Mitchell Chester, the hard-charging Massachusetts education commissioner who put in place some of the country’s most ambitious school improvement efforts and led his state through battles over common standards and a raucous testing opt-out movement, died June 26. He was 65.
Local media outlets reported that he had been battling cancer.
One of the country’s longest-serving state education chiefs, Chester was appointed by the state school board in 2008. Over the next decade, he led the state, one of the highest-performing in the nation, through a number of changes, including implementation of its federal waiver of elements of the No Child Left Behind Act, its controversial approval of the Common Core State Standards, and the adoption of the aligned standardized test from the Partnership for Assessment of Readiness for College and Careers. In November 2015, the state designed its own test.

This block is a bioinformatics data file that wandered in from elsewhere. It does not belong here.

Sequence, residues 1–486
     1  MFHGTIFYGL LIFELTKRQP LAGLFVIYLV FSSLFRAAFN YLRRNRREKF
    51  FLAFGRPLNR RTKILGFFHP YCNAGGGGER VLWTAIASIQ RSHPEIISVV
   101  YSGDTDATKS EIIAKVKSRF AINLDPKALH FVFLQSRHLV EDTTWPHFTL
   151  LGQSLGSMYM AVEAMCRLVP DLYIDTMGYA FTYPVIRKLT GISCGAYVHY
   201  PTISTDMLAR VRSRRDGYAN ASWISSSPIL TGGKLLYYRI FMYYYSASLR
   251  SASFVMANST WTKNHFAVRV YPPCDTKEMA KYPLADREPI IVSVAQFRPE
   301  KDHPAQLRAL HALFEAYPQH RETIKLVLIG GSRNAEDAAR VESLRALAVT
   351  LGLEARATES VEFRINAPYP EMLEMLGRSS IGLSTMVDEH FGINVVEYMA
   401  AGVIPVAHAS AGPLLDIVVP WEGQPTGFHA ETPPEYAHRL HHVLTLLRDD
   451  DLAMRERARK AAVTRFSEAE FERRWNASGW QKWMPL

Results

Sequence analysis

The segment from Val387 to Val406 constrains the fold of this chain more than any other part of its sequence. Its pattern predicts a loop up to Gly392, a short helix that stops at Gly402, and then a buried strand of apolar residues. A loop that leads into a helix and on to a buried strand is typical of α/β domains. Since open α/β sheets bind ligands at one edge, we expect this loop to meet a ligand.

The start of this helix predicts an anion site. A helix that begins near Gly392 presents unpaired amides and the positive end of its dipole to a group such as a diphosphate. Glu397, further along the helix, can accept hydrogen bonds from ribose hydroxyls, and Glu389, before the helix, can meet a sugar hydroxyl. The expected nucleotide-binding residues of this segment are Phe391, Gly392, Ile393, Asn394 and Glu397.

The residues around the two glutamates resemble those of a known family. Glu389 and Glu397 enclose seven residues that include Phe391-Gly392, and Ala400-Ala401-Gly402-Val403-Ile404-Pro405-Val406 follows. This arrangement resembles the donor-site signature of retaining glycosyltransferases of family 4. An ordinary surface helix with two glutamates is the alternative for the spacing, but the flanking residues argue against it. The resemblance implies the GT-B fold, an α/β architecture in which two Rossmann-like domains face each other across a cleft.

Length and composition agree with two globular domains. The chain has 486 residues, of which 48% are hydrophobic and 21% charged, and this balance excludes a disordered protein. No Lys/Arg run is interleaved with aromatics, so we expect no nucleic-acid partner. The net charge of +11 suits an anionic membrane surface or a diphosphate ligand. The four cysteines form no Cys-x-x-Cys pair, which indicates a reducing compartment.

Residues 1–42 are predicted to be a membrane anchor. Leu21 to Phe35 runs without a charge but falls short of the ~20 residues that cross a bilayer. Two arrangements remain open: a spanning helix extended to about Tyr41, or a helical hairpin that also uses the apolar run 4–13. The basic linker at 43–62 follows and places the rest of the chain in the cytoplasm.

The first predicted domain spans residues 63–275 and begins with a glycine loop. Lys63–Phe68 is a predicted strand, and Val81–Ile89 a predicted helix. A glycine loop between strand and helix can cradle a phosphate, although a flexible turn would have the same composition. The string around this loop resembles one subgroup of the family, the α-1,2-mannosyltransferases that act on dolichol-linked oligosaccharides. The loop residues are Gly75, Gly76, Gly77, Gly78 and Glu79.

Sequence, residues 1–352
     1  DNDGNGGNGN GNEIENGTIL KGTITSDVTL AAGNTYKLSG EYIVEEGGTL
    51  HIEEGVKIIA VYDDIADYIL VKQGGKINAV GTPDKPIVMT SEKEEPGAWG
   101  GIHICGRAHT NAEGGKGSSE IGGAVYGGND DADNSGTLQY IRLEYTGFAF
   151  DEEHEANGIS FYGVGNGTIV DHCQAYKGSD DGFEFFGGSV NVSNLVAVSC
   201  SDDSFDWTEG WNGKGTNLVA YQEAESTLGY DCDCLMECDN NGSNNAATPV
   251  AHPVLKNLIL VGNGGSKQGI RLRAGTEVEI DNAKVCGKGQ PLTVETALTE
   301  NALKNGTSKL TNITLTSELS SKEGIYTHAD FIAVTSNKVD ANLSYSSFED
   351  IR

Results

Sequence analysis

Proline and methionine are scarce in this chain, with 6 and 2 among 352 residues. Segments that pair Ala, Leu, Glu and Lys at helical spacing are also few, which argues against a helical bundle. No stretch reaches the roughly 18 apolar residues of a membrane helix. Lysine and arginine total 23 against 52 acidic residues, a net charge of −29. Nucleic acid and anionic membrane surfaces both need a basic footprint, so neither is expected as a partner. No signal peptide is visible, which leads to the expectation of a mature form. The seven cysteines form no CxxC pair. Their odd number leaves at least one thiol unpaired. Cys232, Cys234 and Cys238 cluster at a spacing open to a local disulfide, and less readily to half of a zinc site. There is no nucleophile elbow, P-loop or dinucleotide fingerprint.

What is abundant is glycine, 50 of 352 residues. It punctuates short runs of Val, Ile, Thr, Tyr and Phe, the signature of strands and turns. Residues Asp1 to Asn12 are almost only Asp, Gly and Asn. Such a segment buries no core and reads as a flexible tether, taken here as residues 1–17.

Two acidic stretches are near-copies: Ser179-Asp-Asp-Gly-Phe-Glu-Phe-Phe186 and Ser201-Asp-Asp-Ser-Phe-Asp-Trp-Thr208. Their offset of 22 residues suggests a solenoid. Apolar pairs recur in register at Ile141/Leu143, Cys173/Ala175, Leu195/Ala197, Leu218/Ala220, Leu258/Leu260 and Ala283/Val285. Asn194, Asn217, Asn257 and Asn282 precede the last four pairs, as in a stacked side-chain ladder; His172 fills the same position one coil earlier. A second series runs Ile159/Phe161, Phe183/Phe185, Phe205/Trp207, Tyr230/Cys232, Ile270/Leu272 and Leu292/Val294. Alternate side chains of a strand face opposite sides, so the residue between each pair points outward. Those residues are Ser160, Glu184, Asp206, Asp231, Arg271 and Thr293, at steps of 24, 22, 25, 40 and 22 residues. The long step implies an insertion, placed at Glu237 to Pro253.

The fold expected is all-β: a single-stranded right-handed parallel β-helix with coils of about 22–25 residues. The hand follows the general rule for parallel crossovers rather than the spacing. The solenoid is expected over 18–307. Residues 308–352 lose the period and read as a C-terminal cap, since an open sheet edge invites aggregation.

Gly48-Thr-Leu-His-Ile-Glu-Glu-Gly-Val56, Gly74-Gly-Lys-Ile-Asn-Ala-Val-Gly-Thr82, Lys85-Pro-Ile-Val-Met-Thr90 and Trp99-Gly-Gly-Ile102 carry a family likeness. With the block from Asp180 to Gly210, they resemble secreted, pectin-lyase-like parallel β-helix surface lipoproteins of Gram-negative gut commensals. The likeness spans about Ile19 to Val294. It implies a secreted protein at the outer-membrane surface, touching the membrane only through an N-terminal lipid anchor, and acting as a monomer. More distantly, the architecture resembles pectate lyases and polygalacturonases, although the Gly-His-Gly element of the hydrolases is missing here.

The state also instituted an improvement process for its lowest-performing schools that involved state and local officials, a model now being replicated across the country.
“Mitchell was incredibly passionate about children, and he would always bring the discussion back to whether we were helping kids, especially those children who need the most support,” said Chris Minnich, the executive director of the Council of Chief State School Officers. “We have lost an incredible leader today.”
Chester often went toe-to-toe with the state teachers’ union over testing and school turnaround efforts.
He began his career as an elementary teacher and worked in the Connecticut and Ohio education departments, as well as the Philadelphia schools.
A version of this article appeared in the July 19, 2017 edition of Education Week as Obituary